The Best Work Chair or the Principles of Seating
By Teodora Nikolova

It seems appropriate to start off by quoting Niels Diffrient, the pioneer of modern ergonomics and creator of the Humanscale brand, which sets the highest standards in this field. “There is no perfect chair,” Niels Diffrient said. “A bed is the most comfortable chair. In a bed, the weight is distributed as evenly as possible, which removes the gravity-induced strain concentration in certain body segments.”. This introduction, though, is not in the least intended to urge you to grab your laptop, crawl into bed, and start working from there. In principle, it is best to keep one’s bed a workfree area, while the other two positions, i.e., sitting and standing, should be reserved for work activities. What is most important for the sitting position is finding the best possible chair.

Mens sana in corpore sano (A Sound Mind in a Sound Body)
“Chairs are not just an addition to the office furniture,” Niels Diffrient also said. They are the personal islands, the microsegments of the overall office structure that encompass the idea of ergonomics and healthy personal working environment. The fact that, while working, we spend a long time sitting down, sometimes getting carried away and failing even to realise how long, makes the need for ergonomic work chair design particularly acute. Such a need is an integral part of a well-rationalized business strategy. This is so because the price of a good ergonomic office chair is, invariably, greatly outweighed by the improved worker productivity it helps generate over time. A good ergonomic chair, to quote once again the words of Niels Diffrient, should be perceived as good sports equipment – it ought to protect and ought to ensure comfort, as well as the achievement of the best possible results. These are also the effects of a healthy workplace environment. On the other hand, an uncomfortable chair may inflict enormous harm. It all starts with that burning pain or with the painful tingling in some part of the body, the nagging back pain, the stiffness of the neck and limbs, the headaches … All those body aches that destroy or take away the feeling of happiness and, consequently, the creativity and productivity at work.

The Importance of Intuitiveness

“Chair design ought to take account of the bell curve,” I feel tempted to once again quote Niels Diffrient. This means that design ought to take account of the human factor. The bell curve is the graph that reflects the diversity of physical attributes in humans. According to it, some 80 per cent of all people are of average height and weight. The remaining 20 per cent are at the extremes of height or weight. The good ergonomic design strives to cover fully the 80 per cent and makes an effort to cover the 20 per cent as much as possible. The purpose is to ensure that any given chair fits at least 95 per cent of the population. This is achieved by designing and manufacturing the chair, both from a constructive and technological point of view, in such a way as to ensure that it intuitively adjusts itself. This is precisely what makes it fit the wide range of physical attributes. Employing this concept, Niels Diffrient created the theory and the practice of the IQ chair – the modern ergonomic task chair, which has acquired its specific appearances in the various models of the Humanscale brand. The IQ chair was created to be used for working at a computer for extended periods of time. It is intuitive and cares about the user’s comfort needs. In order, however, to ensure that the sitter gets maximum support and constant dynamic interaction with the chair without having to think about it, he or she needs to have a complete understanding of the possibilities offered by the intelligent chair, as well as of the principles of seating, in and of itself.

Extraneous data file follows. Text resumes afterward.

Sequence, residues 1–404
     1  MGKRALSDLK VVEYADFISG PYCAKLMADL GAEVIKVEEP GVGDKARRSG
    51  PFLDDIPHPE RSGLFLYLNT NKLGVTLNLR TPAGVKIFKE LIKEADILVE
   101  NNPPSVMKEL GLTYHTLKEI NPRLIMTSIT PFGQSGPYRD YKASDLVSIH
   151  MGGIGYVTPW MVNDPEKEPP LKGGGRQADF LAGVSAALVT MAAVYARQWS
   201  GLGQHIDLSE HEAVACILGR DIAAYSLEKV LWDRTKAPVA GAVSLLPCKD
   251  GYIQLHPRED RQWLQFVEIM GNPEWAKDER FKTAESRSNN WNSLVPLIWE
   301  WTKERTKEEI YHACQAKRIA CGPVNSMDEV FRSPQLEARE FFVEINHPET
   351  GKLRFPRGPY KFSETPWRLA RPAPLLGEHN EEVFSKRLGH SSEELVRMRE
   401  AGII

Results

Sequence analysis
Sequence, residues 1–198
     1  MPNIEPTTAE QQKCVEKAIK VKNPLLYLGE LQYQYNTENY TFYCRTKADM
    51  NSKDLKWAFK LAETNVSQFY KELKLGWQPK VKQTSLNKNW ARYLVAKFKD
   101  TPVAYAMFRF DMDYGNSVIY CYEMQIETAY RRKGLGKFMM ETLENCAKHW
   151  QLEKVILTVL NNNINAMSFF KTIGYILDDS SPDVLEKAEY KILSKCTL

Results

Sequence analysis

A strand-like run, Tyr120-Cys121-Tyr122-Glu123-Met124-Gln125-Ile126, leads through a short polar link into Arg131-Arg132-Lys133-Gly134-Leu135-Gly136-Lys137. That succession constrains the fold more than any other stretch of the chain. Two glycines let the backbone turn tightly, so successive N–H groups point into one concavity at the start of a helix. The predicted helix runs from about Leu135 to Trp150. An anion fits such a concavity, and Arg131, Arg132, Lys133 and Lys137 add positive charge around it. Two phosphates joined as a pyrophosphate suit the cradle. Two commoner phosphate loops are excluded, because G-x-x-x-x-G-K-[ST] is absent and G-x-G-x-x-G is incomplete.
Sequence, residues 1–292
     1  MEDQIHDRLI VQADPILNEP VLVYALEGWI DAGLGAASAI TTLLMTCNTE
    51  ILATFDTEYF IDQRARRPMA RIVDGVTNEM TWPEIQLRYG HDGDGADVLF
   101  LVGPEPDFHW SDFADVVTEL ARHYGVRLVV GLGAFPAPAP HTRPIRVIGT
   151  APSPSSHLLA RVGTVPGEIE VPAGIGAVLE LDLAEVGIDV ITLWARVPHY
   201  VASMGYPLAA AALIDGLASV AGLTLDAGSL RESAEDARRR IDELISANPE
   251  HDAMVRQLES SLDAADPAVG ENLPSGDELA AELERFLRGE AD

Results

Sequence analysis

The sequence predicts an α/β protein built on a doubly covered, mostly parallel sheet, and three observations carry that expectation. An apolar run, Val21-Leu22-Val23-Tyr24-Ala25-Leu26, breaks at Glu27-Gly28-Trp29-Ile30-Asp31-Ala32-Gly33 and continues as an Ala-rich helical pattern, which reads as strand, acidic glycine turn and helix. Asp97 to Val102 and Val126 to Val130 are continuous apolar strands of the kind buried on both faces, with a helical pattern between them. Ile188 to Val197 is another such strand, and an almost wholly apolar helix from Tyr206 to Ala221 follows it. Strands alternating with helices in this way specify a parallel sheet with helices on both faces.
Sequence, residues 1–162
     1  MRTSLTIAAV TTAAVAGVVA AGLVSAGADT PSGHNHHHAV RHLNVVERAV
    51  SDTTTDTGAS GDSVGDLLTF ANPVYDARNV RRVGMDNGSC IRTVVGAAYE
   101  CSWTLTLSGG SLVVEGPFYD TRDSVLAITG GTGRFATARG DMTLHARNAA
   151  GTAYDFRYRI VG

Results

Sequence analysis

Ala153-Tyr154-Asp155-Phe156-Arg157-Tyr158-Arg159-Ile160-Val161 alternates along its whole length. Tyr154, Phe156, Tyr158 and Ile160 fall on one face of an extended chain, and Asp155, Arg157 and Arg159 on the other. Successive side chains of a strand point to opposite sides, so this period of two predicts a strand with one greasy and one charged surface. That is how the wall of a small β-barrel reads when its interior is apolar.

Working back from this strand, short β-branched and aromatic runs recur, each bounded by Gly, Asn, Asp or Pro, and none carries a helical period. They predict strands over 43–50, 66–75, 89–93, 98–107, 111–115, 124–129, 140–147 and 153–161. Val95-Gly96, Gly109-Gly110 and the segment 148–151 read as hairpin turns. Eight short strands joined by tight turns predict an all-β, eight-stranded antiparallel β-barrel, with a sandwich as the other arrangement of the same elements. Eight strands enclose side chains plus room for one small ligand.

Circle of Life or the indispensable clock
We cannot talk about light without first addressing the circadian rhythm. It incorporates all biological processes that are governed by the day/night cycle or to put it another way – by the presence or absence of daylight. The internal clock is vital to physical and mental health. Contrary to the myth of the depressed, sleep-deprived and tortured artist who nevertheless produces amazing masterpieces, the truth is that physical and mental health is essential to creativity and productivity. And this is impossible without the proper functioning of the internal clock. The challenge here results from the fact that we have long since abandoned our natural environment where the only source of light was the sun and now around 90% of our waking hours are spent inside using mixed or artificial light. Repeated disruptions to the biological rhythm lead to sleep disorders, which prevent the body from recuperating fully and deprive it of its vitality, cause mood swings and may even lead to a number of serious illnesses including diabetes, heart disease and cancer. This is why it is imperative that office lighting design should focus on the interaction between humans and light and its effect on physiological and mental systems. The more we do this, the more the effect of sustainable lighting will increase, which will not only save energy but will also improve staff wellbeing and morale, which in turn will boost creativity, efficiency and business performance.
The Nature of Sitting
Nature has endowed the human body with the need to move. Movement fosters both the physiological and intellectual processes. It is like a breath of fresh air for them both. The need to move grows particularly acute while in a sitting position. This is why we change our posture when sitting by either leaning forward or reclining backwards. We strive subconsciously to diffuse the pressure concentration in our sitting bones and to distribute it onto the larger surface of the backrest. By leaning back, we open up the sitting angle, reduce the stress by distributing the strain over a larger area, release the diaphragm and the digestive tract, which has a favourable impact on other bodily processes.
The Understanding Chair